Libraries for Nursing Bulletin Vol 30(3-4)
Continuing from the summer edition of the Libraries for Nursing Bulletin here are profiles of two more members of the LfN committee and the second in a series of “a day in the life of…” feature.
Andrew Dove – I am the Online Resources and Training Librarian for University Hospitals of Leicester NHS Trust. In this role I have two key responsibilities electronic resources and training for NHS staff in Leicester.
In the training aspect of my role I cover two main types of training, firstly information skills training which we provide in five different sessions covering all the aspects of information skills. Secondly we also provide sessions in Critical Reading. As with all our training we provide this to multidisciplinary groups. I have also been developing our library’s elearning materials so sessions can be accessed at the convenience of our users.
My other major responsibility is electronic resources and journals. I organise all the subscriptions for two NHS trusts and I am currently developing our electronic book collection to meet the needs of the organisation in the future.
I have a great interest in new technology and I am always looking how we can improve services either through new technology such as ebook readers and other mobile devices, I also have a keen interest in using Web 2.0 and have presented at several events on the subject. I am a new member of the Libraries for Nursing Committee having started in May 2010. My current role is as Treasurer.
Lorrie Farrall – I am one of the newest members of the LFN committee and was attracted to joining as I feel that medical/clinical/postgraduate libraries are often not seen by nurses and other ‘non-doctor’ medical professionals as being of use to them or that adequate funds are allocated to their needs. As a committee member I hope that there might be opportunities to promote our services both to users and supporting bodies.
I am currently employed as a Library Assistant in an Acute NHS University Foundation Trust and I am working towards a Masters in Management of Library and Information Services at Aberystwyth University. Luckily it is a distance learning course as I live in the furthest reaches of East Kent and a regular commute might be a little difficult.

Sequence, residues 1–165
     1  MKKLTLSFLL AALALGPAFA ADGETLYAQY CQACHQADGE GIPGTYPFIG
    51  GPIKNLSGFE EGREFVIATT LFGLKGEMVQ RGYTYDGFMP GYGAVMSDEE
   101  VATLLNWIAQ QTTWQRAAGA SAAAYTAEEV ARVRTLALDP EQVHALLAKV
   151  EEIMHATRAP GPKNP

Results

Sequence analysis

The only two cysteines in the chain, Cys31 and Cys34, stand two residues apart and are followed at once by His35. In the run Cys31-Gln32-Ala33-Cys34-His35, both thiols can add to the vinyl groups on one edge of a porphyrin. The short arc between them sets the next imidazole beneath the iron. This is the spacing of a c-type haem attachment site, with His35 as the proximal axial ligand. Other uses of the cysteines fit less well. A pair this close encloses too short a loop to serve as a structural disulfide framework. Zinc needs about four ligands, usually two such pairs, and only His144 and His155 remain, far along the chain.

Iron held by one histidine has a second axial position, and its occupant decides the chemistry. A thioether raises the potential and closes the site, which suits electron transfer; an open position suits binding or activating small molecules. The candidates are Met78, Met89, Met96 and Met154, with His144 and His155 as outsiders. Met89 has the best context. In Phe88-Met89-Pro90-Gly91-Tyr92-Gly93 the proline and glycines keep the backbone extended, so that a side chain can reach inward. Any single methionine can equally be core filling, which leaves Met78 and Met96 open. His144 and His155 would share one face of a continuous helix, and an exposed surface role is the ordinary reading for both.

Although I have only had the opportunity to attend one Committee Meeting so far I was very pleased with the warm welcome I received and I look forward to the opportunity to contribute to the group.
A Day in the Life of Jane Shelley
University Library, Queens Building,
Anglia Ruskin University,
Bishop Hall Lane,
I work as an Assistant Librarian at Anglia Ruskin University’s Chelmsford Campus. This is one of a number of posts within the Academic Services division (there are also Customer Services and Central Services Divisions) where I support the Faculty of Health and Social Care (one of five faculties at Anglia Ruskin). I work in providing library services and support to a variety of health students – nurses, midwives, operating department practitioners, public health, community nurses, social work and many undertaking CPD and postgraduate and research courses. A large proportion of my role is academic support work but I also assist customer services in delivering our enquiry services. No day is ever the same which is nice in many ways and even a ‘clear’ diary day has plenty of work to fill it – for example reading and replying to emails, ongoing project work (we all have membership on a number of working groups across the library service), book ordering, stock management, maintaining the subject links and delicious pages on the library website and stock management.
A typical day can include a two hour shift on our enquiry desk. This involves answering face to face, telephone and online email enquiries and can often be very busy with a constant queue of people needing assistance. In addition I may do a one hour shift answering enquiries which come through our online chat service, plan and deliver a teaching session for students (usually one or two hours in duration, sometimes longer), undertake tutorials with students requiring help with searching, research and referencing, attend course and faculty committee meeting, attend a library or working group meetings, update and write a library guide or handout, order books and e-books and check reading lists and module guides. Finally, at anytime as a registered first aider at work, I may be called to attend someone requiring first aid assistance. Life is certainly never dull and there are always new projects to get involved in and CPD activities and professional reading to keep up to date with.